• MPEG-1

MPEG-1 is a digital video coding standard that was primarily developed for Video CD (VCD) and digital audio broadcasting. It was established by the Moving Picture Experts Group (MPEG), which is a working group under the International Organization for Standardization (ISO) and the International Electrotechnical Commission (IEC). MPEG-1 was officially standardized in 1992. The MPEG-1 standard employs a compression algorithm that uses Discrete Cosine Transform (DCT) for reducing spatial redundancy within frames.


  • Theora

Theora is an open-source video compression format, part of the Xiph.Org Foundation’s free and open media projects. It was officially released in 2004. Theora is derived from the VP3 codec, which was originally developed by On2 Technologies. The Theora codec uses a discrete cosine transform (DCT) based video compression algorithm, similar to the methods used in formats like MPEG and VP8. It is used for Wikipedia projects mainly because of its accessibility. Theora is notable for being open-source and adaptable.


  • H.263

H.263 is a video compression standard originally designed for low-bitrate communication. It was developed by the ITU-T Video Coding Experts Group (VCEG) and first released in 1996. The algorithm used in H.263 is based on discrete cosine transform (DCT) compression techniques. H.263’s standout features include enhanced compression, flexibility, and error resilience.


  • H.261

H.261 is one of the earlier video compression standards, specifically designed for video conferencing and video telephony over ISDN (Integrated Services Digital Network) lines. It was developed by the ITU-T Video Coding Experts Group (VCEG) and was first standardized in 1990. The algorithm used in H.261 is based on discrete cosine transform (DCT) and motion compensation.One key advantage of H.261 was that H.261 supported both CIF (Common Intermediate Format) and QCIF (Quarter CIF) resolutions, accommodating different levels of video quality and network bandwidth conditions.


  • CCIR 601

CCIR 601, now known as ITU-R BT.601, is a standard for digital video broadcasting, particularly in studio environments. It was developed by the International Radio Consultative Committee (CCIR), which is now part of the International Telecommunication Union (ITU). The standard was first introduced in 1982.The standard defined a resolution of 720×486 pixels for NTSC and 720×576 pixels for PAL/SECAM, with an aspect ratio of 4:3. CCIR 601 also established standards for digitizing analog video signals, specifying 4:2:2 chroma subsampling.


  • VC-2 (Dirac Pro)

VC-2, also known as Dirac Pro, is a digital video compression format developed by the BBC (British Broadcasting Corporation). It was officially released in 2008. The core algorithm of VC-2/Dirac Pro is based on wavelet compression, differing from the more commonly used discrete cosine transform (DCT) based codecs like H.264. VC-2 offers flexibility, open-source, and high-quality compression.


  • H.120

H.120 was an early video compression standard for video conferencing and telephony. It was developed by the International Telecommunication Union (ITU) in the late 1970s and officially standardized in 1984. The algorithm used in H.120 was the differential pulse-code modulation (DPCM) for compression, a technique that encodes the difference between successive samples rather than the absolute values.

What are the Different Types of Digital Video File Formats?

Digital video file formats are containers that store digital video data, often including audio, subtitles, and other metadata. These formats not only encapsulate the encoded video and audio streams but also define how this data is stored and structured within the file.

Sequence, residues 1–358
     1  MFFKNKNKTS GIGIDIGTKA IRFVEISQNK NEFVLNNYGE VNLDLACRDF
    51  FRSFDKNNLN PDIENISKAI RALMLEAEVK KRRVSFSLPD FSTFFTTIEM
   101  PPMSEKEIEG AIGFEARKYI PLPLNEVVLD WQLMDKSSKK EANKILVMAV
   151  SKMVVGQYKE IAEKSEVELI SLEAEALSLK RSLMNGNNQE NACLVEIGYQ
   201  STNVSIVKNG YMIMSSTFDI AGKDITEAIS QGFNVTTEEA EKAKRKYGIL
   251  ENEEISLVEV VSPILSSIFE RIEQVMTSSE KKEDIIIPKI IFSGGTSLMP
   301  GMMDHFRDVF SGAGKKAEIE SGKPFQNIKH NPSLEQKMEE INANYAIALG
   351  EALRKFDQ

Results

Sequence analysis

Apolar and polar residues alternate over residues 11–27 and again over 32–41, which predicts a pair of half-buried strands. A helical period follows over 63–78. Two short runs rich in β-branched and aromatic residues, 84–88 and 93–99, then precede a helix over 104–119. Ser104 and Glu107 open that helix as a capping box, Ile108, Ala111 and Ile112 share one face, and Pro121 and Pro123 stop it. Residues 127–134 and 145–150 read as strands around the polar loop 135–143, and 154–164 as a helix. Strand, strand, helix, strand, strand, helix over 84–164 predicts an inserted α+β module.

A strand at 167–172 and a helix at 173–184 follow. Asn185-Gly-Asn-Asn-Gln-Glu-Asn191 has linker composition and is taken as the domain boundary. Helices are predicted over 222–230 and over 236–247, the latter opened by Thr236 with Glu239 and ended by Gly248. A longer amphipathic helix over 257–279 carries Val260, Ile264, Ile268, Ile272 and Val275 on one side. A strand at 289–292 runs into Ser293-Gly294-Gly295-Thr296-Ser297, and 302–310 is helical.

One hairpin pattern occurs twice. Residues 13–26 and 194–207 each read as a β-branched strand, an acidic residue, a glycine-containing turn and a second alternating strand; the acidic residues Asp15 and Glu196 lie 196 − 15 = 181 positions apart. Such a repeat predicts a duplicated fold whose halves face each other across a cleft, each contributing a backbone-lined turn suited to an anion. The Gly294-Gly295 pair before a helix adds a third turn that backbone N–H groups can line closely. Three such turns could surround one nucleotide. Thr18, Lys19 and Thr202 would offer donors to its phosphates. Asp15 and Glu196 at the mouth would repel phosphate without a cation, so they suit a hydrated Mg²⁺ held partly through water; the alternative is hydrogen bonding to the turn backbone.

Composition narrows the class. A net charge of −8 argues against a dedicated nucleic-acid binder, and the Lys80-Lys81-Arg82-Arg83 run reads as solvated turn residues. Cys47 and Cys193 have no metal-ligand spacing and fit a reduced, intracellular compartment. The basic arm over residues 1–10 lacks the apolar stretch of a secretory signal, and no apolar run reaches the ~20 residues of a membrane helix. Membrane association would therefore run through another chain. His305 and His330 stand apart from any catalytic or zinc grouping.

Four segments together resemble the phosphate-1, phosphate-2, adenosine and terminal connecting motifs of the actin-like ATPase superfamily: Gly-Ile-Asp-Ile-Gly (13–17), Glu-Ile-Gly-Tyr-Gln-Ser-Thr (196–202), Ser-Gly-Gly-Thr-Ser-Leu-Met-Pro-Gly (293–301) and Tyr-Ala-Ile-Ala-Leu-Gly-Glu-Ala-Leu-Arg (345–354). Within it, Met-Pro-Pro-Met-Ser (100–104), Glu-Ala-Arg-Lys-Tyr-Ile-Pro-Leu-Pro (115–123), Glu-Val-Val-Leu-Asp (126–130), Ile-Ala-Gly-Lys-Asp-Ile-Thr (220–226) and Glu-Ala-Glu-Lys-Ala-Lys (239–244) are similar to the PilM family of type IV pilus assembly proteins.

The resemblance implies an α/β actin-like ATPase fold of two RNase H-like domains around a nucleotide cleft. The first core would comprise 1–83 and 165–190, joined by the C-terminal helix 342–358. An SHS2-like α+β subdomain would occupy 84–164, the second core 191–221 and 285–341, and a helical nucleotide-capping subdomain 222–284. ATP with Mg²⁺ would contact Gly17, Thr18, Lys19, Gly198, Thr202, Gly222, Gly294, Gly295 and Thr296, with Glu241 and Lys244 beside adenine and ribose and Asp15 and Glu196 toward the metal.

File formats differ from coding standards in that while the latter deals with the technical details of video compression and encoding, file formats concern themselves with the organization and storage of this data. A single file format can support multiple coding standards, offering flexibility in terms of how video data is compressed and utilized.


Some Popular Digital Video File Formats are:

  • Ogg Video (.ogg, .ogv): Ogg Video, with file extensions .ogg and .ogv, is a free, open container format, which is a part of the Ogg multimedia project, which was initiated by the Xiph.Org Foundation in 1993. Ogg Video is primarily designed for streaming applications and is known for its effectiveness in handling video and audio data within a single file. Ogg video is mostly associated with the Theora encoding standard, which was also developed by the Xiph.Org Foundation.
  • QuickTime File Format (.mov, .qt): The QuickTime File Format, with file extensions .mov and .qt, was developed by Apple Inc. It was introduced in 1991 as part of the QuickTime multimedia framework. The QuickTime File Format is designed to store a wide range of digital media types, making it particularly suitable for video editing and content creation. One of the most common video codecs used in QuickTime is the H.264 (MPEG-4 AVC) standard, known for its high compression efficiency and quality.
  • AVI (.avi): The Audio Video Interleave (AVI) format, with the file extension .avi, was introduced by Microsoft in November 1992. AVI is a container format designed to hold both audio and video data in a single file, allowing synchronous audio-with-video playback. It’s meant for a broad range of video content, from standard-quality video on PCs to high-quality movies. One of the distinctive features of AVI is its flexibility regarding the video and audio codecs it can contain. It doesn’t rely on a single encoding standard; instead, it can use a wide range of codecs.
  • MPEG-4 Part 14 (MP4) (.mp4, .m4p (with DRM), .m4v): MPEG-4 Part 14, commonly known as MP4, is a digital multimedia container format. It was developed by the Moving Picture Experts Group (MPEG) and was officially introduced as a standard in 2003. MP4 is designed to store video, audio, and other data such as subtitles and still images. It’s particularly well-suited for streaming over the internet due to its high compression efficiency and compatibility with various devices and platforms. The format typically uses the MPEG-4 encoding standard for video and Advanced Audio Coding (AAC) for audio.  See full guide on MP4 Video.